Women’s History Month (March); Law Day (May 1)

Mar 10, 2014

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During Women’s History Month in March, read stories in print and online newspapers that highlight the contributions that women make or have made. Conduct activities on voting to mark Law Day, commemorated on May 1.

CONTENT on WOMEN

Based on your newspaper reading, complete the attached GRAPHIC ORGANIZER. Complete the organizer for each woman you study. Write paragraphs built on each trait that you choose and the actions that provide evidence.

You may also choose a trait, such as respect or courage and identify four women and three actions they take or took that demonstrate the trait (respect, courage). All of the women you choose may appear in current news stories or you may choose women who’ve contributed in the past to civic life.

Biographies developed by students through North Carolinians of Note include author Doris Betts, actress Ava Gardner, actress Bellamy Young and actress Sharon Lawrence.  Other profiles in NC of Note develop ideas related to Women’s History Month. Reading about Anson Dorrance, for example, becomes the starting point for research about the development of women’s soccer programs at UNC-Chapel Hill and elsewhere.

You may search for women who write for your newspaper and learn more about them. This site links to biographic information about women in the media:

http://www.infoplease.com/spot/whmbios11.html

Several 200-word blogs from NC Cultural Resources feature women in North Carolina. Simply search the site: http://nchistorytoday.wordpress.com/. Use “women” as the key word, and you’ll obtain the following:

  • Women in Salisbury Riot for Bread
  • Women Marines in WWII
  • Women’s Suffrage Leader Cornelia Petty Jarman
  • The Confederate Women’s Home Opened in Fayetteville
  • “…The Old North State”
  • Annie O’Berry, the New Deal Administrator
  • Tabotha Holton, a First for Tar Heel Courtrooms
  • Gertrude McKee, Groundbreaking Lawmaker
  • East Carolina Set Up to Educate Teachers
  • Thirteenth Amendment and the Legal End to Slavery (and the 15th Amendment that extended voting rights to new citizens; the 19th Amendment that extended voting rights to women)

 

A Teaching Guide on Leadership is available here (see right side of page, red type): http://allthingsvoting.org/lesson-plans/

The guide offers ways to apply current news to concepts related to leadership. To celebrate Women’s History month, apply the lessons to women in the news.

About VOTING

Law Day also focuses on leadership. In particular, it focuses on elections or voting. The American Bar Association (ABA) obtains proclamations and other support from the federal government to celebrate Law Day, each year on May 1. To learn more, visit: (http://www.americanbar.org/groups/public_education/initiatives_awards/law_day_2014.html)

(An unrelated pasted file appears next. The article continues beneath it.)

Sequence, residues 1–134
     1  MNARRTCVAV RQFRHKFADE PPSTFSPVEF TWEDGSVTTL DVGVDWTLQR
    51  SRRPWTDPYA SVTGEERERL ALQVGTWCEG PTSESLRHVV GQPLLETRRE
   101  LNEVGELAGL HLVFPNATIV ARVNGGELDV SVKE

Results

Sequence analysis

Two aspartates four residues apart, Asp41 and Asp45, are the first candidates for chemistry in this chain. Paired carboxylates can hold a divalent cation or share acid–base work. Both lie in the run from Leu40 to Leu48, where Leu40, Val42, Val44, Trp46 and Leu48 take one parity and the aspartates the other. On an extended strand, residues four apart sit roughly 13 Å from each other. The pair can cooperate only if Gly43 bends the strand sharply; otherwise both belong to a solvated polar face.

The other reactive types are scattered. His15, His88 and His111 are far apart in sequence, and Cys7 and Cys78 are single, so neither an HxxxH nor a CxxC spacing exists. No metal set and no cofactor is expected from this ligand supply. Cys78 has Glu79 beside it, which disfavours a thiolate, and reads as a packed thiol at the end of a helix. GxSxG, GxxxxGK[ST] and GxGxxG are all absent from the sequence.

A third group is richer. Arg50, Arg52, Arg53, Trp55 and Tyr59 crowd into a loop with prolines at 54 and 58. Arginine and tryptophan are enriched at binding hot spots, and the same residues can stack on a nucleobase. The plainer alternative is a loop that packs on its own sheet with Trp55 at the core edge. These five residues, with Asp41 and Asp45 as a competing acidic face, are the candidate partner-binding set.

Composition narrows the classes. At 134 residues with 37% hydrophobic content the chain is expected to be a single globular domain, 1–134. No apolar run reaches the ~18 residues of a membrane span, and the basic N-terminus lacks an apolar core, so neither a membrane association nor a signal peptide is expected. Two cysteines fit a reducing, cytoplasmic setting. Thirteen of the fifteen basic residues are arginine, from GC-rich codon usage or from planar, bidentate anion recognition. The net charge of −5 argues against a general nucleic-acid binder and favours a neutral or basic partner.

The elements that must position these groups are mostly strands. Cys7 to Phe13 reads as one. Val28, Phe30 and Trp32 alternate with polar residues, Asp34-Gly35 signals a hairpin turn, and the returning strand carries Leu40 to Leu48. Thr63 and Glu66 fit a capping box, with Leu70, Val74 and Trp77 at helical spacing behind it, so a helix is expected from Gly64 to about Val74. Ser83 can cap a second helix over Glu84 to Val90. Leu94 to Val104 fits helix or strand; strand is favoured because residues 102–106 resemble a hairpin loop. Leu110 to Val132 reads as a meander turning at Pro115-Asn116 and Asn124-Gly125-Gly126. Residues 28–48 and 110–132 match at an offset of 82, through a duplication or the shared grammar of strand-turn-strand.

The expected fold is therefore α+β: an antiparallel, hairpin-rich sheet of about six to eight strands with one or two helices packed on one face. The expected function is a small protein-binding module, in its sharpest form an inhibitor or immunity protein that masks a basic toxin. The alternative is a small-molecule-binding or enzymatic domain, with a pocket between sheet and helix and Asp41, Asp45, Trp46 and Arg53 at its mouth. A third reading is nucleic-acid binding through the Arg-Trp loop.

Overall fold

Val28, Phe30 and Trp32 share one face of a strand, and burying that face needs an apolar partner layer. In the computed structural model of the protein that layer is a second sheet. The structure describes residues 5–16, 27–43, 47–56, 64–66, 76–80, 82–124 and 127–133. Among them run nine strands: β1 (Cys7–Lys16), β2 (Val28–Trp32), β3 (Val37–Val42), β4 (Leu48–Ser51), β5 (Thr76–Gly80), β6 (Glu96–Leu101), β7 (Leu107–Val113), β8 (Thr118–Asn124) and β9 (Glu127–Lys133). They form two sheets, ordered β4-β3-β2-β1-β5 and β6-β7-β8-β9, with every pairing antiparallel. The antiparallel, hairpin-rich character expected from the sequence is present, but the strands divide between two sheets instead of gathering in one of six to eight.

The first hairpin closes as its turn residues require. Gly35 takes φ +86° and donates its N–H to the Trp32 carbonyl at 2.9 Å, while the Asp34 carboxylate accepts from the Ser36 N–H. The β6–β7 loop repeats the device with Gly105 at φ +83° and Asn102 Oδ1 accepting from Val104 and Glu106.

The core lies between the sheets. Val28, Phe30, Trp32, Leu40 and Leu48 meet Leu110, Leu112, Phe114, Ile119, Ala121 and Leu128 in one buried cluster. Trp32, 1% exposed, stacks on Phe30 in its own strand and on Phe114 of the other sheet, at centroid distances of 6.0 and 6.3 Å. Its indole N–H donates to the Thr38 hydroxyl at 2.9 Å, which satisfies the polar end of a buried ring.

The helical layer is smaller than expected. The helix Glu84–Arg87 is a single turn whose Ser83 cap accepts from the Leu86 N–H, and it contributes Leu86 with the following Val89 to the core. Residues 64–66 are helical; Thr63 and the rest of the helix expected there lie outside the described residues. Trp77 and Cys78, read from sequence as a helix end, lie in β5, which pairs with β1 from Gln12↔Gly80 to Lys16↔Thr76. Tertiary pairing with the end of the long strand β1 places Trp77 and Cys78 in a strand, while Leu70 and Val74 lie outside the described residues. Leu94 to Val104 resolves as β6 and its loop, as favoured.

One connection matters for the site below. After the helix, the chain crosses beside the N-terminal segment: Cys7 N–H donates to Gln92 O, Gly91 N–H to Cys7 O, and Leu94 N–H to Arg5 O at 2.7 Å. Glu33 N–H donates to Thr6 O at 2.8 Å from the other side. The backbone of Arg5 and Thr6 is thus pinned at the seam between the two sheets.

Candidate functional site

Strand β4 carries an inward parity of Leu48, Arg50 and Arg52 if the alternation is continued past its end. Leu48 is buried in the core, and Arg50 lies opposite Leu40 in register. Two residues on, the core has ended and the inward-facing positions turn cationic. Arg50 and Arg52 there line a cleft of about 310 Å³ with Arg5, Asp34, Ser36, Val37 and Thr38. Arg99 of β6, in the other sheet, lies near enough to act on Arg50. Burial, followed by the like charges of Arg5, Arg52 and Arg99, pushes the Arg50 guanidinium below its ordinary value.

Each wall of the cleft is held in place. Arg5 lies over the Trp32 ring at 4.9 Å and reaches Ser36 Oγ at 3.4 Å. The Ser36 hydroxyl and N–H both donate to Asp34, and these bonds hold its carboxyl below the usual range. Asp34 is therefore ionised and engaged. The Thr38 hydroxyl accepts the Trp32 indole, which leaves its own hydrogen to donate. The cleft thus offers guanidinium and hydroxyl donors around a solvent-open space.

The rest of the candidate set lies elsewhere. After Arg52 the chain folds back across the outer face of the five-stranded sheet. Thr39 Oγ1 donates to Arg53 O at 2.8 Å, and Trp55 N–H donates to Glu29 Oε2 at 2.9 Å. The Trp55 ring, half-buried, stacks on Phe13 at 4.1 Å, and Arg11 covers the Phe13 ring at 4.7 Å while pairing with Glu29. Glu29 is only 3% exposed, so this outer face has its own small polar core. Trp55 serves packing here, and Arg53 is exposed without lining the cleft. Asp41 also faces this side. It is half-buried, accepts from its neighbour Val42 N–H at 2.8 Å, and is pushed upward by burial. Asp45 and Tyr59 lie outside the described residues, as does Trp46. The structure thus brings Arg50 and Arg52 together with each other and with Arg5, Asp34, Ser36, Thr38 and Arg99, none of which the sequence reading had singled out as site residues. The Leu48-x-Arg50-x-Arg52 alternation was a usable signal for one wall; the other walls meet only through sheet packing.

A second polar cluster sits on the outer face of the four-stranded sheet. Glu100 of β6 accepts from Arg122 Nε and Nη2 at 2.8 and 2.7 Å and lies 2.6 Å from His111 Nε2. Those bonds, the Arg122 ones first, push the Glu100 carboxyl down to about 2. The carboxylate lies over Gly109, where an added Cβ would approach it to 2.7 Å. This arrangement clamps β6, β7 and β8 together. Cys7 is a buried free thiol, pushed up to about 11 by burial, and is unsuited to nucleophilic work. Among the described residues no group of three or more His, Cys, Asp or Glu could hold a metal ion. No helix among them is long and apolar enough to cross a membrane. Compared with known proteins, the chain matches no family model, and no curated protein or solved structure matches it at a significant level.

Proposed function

According to its website, the coming 50th anniversaries of the Civil Rights Act of 1964 and the Voting Rights Act of 1965 inspired ABA to choose Why Every Vote Matters as the Law Day theme.FYI—The Young Lawyers Division of the NC Bar Association sponsors an essay contest and, on May 2, 2014, the division will award funds and plagues to students whose essays are chosen. This year’s theme mirrors the national theme. Details about the essay contest can be found here (deadline is past for submitting essays): http://younglawyers.ncbar.org/media/29964818/essayContest.pdf

 

ELECTIONS produce developing stories. Use local and area newspapers, print and digital editions, to follow an election that interests you. Look for stories, columns, letters to the editor, ads and more; learn about candidates, predict the outcome of elections and draw conclusions based on what you learn. Answer questions about every report or commentary you read:

  1. Who is the writer?
  2. Why does the writer write on this topic?
  3. What does the writer say?
  4. What does the story mean?
  5. Why does the story matter?
  6. What does the evidence indicate? Support what you say with reasons drawn from your reading of reports and commentary. Verify facts and information you cite.

 

Searching historic newspapers AND current newspapers for information about the Civil and Voting Rights Acts of 1964 and 1965 and subsequent discussion and debate about the acts makes clear the impact that legislative action has on civic life. To find historic newspapers for comparison with current newspapers, check http://allthingsvoting.org/2012/03/15/lesson-plan-working-with-primary-sources-and-historic-newspapers/

 

The NC Press Foundation offers more, including links to other resources:

Written for the 2012 election, you’ll find background relevant to North Carolina’s elected officials, County Commissioners, Governor, members of the Council of State, General Assembly, Appellate and Trial Court Judges and more, on the site: http://allthingsvoting.org/lesson-plans/

The Mini Page archive offers information on a range of election-related topics. Search the site using election-related terms, such as voting, convention, political parties and more: http://www2.lib.unc.edu/dc/minipage/

Use background information provided by Bob Joyce, an elections’ expert who teaches in UNC-CH’s School of Government: http://allthingsvoting.org/2012/04/28/lesson-plan-elected-offices-in-north-carolina/

 

What skills, knowledge and disposition do you think effective leaders have? What do you consider the MARKS of LEADERSHIP?

Questions or concerns? Email nie@ncpress.com.

Prepared March 10, 2014